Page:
LDS Fiction vs. National Fiction vs. Classics

Okay, I have to admit, I’m a little hot under the collar regarding this topic. I’ve just been privy to my work being called, as a LDS writer, “. . . most LDS fiction is a tribute to mediocrity. Plus I pretty much hate sequels, they reflect an amazing hubris on the part of authors that people will remember everything in the other books. Also, they are lazy because they only have to write half a book because the other half is just what was in the last book.” Okay, I’m trying to remember the “Christ-like” thing. I’m also trying to remember that not everybody has to enjoy our market. But really! And sequels! I LOVE ‘EM!

Her one and only foray into the LDS market was a particularly famous author, who yes, is not that good of a writer – but so what? I could list dozens right off the bat in the national market who are no good either. For instance, Patricia Cornwell, while an incredible storyteller, is really not a very good writer, technically speaking. Doesn’t stop me from buying her books the second they come out. I have every one of them. I lose myself in the story and ignore the writing technique.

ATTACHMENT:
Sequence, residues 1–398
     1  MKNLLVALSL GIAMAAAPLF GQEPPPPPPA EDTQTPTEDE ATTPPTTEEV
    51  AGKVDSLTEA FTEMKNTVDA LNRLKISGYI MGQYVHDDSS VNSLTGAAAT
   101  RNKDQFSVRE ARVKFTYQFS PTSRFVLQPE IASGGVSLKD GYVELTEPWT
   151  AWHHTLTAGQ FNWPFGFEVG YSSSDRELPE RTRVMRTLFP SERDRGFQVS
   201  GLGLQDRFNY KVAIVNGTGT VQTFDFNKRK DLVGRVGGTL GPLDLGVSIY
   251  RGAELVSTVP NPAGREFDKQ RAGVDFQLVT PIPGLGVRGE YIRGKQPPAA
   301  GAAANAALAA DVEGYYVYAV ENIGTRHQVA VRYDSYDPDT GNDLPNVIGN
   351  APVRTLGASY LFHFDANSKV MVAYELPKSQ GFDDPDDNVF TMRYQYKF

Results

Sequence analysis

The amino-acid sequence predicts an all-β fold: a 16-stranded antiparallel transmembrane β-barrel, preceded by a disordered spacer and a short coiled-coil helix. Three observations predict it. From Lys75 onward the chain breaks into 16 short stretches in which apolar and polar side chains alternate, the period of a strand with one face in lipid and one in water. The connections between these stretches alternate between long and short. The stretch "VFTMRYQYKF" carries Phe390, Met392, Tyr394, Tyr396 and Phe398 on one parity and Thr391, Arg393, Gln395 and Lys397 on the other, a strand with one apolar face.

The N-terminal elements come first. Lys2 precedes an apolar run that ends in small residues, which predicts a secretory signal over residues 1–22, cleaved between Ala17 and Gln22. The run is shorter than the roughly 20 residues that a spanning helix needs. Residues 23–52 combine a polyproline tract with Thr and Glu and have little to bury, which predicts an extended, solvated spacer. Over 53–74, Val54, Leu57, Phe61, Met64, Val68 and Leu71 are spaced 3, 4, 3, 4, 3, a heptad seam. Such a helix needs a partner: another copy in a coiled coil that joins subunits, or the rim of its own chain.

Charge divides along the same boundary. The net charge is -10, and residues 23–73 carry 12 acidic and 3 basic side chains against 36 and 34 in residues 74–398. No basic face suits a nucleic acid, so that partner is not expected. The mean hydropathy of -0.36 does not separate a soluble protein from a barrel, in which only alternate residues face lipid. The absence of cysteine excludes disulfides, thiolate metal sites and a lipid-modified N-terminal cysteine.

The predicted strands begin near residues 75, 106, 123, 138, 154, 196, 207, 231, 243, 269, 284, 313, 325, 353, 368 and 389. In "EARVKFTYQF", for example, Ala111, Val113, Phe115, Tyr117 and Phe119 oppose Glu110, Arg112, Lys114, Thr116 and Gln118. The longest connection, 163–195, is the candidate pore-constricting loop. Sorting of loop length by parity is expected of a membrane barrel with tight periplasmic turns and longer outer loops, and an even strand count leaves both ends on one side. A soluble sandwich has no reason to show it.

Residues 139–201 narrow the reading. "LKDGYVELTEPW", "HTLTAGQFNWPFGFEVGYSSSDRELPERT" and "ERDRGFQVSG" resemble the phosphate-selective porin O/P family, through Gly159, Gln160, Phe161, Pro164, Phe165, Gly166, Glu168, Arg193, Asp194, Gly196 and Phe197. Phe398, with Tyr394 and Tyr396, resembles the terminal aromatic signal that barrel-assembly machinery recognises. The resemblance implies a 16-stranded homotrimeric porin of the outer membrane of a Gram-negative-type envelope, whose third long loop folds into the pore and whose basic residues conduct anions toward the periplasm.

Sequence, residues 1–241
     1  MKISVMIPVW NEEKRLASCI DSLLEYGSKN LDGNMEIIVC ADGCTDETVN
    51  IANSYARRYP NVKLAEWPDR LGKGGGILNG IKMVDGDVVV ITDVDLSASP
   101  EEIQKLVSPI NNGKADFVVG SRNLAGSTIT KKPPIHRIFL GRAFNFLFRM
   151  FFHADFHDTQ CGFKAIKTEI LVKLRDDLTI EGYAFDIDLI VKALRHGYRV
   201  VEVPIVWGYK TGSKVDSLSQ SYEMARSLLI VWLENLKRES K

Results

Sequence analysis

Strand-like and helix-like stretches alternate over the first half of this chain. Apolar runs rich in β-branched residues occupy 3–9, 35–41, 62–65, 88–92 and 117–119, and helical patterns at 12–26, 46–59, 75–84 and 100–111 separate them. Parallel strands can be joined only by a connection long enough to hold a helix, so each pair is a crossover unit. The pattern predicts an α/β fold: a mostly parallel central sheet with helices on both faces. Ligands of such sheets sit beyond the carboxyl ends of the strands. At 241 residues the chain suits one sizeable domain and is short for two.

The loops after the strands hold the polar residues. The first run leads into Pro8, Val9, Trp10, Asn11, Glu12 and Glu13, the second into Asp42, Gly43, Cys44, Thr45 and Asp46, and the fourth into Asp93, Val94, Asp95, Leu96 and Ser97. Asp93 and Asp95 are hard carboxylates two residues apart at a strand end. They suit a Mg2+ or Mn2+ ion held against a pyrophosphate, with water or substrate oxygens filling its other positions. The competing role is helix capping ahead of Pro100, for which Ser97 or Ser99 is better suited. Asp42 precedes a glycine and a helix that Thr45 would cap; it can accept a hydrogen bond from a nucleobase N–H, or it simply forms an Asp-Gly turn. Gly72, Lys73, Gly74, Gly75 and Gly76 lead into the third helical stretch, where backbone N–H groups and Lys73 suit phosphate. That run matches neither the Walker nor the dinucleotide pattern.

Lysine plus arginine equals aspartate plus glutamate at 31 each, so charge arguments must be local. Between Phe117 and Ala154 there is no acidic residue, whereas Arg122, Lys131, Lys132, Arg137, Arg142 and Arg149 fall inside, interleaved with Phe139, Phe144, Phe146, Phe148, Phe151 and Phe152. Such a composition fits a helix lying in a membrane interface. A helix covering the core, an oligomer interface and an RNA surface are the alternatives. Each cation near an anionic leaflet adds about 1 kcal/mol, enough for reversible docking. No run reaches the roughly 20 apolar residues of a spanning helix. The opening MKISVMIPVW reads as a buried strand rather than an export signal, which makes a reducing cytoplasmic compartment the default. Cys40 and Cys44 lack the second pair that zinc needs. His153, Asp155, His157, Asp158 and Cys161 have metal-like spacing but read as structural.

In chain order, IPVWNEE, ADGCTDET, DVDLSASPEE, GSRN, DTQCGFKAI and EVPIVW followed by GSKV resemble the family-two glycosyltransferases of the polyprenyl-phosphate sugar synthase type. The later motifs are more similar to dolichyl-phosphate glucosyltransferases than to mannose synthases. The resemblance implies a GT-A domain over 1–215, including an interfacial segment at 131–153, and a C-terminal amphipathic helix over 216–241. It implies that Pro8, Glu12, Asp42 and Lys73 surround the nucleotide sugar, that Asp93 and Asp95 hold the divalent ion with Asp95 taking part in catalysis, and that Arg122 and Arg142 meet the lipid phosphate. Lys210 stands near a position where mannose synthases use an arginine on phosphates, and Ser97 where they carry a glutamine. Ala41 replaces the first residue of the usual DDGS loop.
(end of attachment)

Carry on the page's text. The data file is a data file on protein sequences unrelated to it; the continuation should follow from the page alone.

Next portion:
I think the point is that there is good and bad in every market in every generation since the beginning of time. This particular person went on to ask if we’d read Amy Tan, James Frey, Madam Bovary, Les Miserables – as if fiction could only be good if it was wallowing in misery, degradation and filth. By the way, Les Miserables is a very good book. So I say back – have you read Jane Austin, William Shakespear, John Milton, Lord Byron, Mark Twain, Jeffrey S. Savage, Willard Boyd Gardner, Dean Hughes, Tristi Pinkston and so on. There are fantastic writers in every single market!

The LDS market came into existence because saints were craving fiction and nonfiction that was clean. As with any market, it has improved drastically since its inception and will continue to do so. Clean fiction is not bad fiction. Clean fiction is naive fiction. I plan to stand one day before my Savior and say “I did not eschew my standards in lieu of fame.” Oh my word, I need to go take a cold shower. I’m ready to go smack someone. Okay, I’m thinking of the Savior, I’m thinking of the Savior, I’m thinking of the Savior . . .